• Post author:
  • Post category:Uncategorized

CLEAN AND SOBER (director/writer: Glenn Gordon Caron; screenwriter: Tod Carroll; cinematographer: Jan Kiesser; editor: Richard Chew; music: Gabriel Yared; cast: Michael Keaton (Daryl Poynter), Kathy Baker (Charlie Standers), Morgan Freeman (Craig), M. Emmet Walsh (Richard Dirks), Tate Donovan (Donald Towle), Luca Bercovici (Lenny), Claudia Christian (Iris); Runtime: 124; MPAA Rating: R; producers: Tony Ganz/Deborah Blum; Warner Home Video; 1988)
An intense drama about substance abuse that turns out all too predictable, but is nevertheless powerful.”

Reviewed by Dennis Schwartz

An intense drama about substance abuse that turns out all too predictable, but is nevertheless powerful. It’s the directorial debut of Glenn Gordon Caron (“Wilder Napalm”/”Picture Perfect”/”Love Affair”), the creator of the television series Moonlighting (1985-89). Caron co-writes the screenplay with Tod Carroll ( “National Lampoon” alumnus).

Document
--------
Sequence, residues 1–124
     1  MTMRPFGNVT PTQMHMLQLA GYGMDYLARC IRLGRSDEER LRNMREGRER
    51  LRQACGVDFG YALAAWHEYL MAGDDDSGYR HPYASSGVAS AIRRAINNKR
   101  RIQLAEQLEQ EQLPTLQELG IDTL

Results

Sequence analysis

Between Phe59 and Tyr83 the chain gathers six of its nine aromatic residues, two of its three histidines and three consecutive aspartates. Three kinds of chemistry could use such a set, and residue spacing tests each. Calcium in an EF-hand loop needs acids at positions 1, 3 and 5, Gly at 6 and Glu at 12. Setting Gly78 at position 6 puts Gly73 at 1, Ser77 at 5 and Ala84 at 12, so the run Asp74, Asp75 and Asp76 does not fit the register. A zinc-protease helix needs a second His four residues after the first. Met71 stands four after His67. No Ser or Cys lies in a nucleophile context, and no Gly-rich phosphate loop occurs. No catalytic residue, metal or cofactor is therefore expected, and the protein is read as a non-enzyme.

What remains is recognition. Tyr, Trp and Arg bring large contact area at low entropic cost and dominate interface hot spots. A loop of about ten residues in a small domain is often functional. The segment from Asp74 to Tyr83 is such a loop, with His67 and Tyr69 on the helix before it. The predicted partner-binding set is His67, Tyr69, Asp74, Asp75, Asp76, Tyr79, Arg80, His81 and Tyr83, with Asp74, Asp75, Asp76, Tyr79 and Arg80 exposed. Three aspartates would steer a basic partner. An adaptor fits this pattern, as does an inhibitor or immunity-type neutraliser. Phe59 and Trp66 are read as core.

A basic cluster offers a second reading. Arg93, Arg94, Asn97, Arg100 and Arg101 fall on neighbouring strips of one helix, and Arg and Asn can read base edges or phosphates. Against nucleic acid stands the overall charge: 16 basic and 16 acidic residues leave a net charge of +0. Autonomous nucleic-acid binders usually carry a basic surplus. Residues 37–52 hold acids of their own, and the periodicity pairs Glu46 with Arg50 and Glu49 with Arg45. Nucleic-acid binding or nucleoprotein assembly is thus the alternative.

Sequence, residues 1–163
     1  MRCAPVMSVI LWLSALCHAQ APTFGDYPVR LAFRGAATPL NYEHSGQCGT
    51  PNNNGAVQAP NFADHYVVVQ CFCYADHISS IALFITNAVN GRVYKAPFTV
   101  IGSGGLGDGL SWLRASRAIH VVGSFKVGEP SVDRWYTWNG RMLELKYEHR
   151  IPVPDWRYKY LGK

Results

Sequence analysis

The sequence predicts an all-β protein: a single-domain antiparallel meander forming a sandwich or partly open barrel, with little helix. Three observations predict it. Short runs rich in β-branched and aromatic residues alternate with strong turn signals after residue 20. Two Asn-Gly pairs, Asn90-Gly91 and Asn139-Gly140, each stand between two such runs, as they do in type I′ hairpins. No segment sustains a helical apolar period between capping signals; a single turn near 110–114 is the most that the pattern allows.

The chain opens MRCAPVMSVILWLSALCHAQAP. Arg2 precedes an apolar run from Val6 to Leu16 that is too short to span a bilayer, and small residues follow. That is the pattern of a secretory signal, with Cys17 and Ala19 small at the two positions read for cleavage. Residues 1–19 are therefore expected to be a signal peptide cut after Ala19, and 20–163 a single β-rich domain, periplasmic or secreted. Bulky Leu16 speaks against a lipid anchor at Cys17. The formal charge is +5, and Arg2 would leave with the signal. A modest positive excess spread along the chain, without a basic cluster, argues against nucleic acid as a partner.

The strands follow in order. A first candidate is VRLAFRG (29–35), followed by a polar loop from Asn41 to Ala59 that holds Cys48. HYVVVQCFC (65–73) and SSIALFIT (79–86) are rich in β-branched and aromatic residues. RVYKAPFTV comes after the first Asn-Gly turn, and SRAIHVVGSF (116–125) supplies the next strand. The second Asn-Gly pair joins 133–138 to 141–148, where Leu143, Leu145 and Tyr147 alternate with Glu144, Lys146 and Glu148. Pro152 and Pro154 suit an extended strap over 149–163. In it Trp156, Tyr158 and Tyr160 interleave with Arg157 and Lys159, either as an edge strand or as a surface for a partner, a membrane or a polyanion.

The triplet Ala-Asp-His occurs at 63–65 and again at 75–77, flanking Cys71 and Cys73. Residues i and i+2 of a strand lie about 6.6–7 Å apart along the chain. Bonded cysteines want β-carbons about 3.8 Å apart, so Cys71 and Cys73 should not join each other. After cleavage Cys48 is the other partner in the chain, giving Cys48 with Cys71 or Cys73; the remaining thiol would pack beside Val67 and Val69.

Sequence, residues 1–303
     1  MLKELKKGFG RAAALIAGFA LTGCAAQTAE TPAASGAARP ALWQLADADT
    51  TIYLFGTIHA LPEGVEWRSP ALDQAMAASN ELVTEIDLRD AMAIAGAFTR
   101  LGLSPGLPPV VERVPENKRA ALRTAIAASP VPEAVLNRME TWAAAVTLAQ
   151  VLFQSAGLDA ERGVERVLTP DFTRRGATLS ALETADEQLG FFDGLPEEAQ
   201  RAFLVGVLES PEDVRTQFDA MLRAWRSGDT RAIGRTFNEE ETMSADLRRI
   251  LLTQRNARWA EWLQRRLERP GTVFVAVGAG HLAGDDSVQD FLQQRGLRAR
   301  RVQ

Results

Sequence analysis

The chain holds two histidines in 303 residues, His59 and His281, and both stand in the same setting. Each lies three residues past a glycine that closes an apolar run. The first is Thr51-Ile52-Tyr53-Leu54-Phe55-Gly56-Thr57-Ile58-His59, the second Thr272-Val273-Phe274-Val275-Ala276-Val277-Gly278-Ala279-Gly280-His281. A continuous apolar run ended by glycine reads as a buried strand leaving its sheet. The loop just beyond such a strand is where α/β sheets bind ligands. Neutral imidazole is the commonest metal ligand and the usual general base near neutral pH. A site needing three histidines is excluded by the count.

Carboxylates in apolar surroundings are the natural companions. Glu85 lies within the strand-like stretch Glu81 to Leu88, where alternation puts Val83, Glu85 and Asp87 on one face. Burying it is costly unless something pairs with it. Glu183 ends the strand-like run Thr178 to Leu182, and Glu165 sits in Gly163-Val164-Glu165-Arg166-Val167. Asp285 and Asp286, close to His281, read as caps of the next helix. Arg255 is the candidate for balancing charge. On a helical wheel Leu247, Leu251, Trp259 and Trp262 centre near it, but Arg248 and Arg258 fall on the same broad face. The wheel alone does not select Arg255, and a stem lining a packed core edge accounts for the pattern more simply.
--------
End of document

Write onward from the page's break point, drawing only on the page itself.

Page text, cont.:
Michael Keaton plays Daryl Poynter, the fast-talking embezzler real estate executive, who is saddled with great debts after losing the stolen money at the stock market and squandering it on drugs. The middle-class cocaine addict, with an additional drinking problem, is in denial over his substance problems. While on the run, after waking up and finding his date dead, he hides out in an abuse recovery hospital to get away from the possibility of criminal charges brought against him for both embezzling and murder.

Daryl is shown struggling to come to grips with his problem while in a 30-day rehab program.

Morgan Freeman plays the ex-junkie strict supervisor at the rehab clinic. Kathy Baker is a self-denigrating crane operator and recovering addict, whose hubby is out on parole for petty theft. Daryl tries to begin a romance with her.

The pic follows the couple’s difficulties trying to overcome their cocaine addiction and begin life with a fresh start.

M. Emmet Walsh plays Keaton’s Alcoholics Anonymous sponsor.

Keaton is superb as the difficult abrasive patient.


Dennis Schwartz: “Ozus’ World Movie Reviews”